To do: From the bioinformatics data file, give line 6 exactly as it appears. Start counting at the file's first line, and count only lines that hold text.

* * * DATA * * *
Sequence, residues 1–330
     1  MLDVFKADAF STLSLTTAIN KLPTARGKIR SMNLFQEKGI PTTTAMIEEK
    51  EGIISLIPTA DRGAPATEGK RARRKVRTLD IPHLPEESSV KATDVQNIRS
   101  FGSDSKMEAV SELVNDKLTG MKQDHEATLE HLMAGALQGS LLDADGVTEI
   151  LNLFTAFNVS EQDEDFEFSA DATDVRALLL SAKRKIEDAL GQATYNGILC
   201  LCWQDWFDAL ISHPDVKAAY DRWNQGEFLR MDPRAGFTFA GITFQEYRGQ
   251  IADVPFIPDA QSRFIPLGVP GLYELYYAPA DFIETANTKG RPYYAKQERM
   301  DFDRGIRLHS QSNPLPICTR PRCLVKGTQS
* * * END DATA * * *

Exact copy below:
   201  LCWQDWFDAL ISHPDVKAAY DRWNQGEFLR MDPRAGFTFA GITFQEYRGQ